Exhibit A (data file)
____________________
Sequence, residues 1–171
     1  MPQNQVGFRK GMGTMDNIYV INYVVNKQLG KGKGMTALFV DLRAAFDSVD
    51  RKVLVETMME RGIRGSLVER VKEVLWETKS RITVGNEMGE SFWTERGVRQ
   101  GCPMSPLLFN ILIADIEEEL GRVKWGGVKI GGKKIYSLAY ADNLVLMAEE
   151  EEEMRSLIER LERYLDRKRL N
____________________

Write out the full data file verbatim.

Sequence, residues 1–171
     1  MPQNQVGFRK GMGTMDNIYV INYVVNKQLG KGKGMTALFV DLRAAFDSVD
    51  RKVLVETMME RGIRGSLVER VKEVLWETKS RITVGNEMGE SFWTERGVRQ
   101  GCPMSPLLFN ILIADIEEEL GRVKWGGVKI GGKKIYSLAY ADNLVLMAEE
   151  EEEMRSLIER LERYLDRKRL N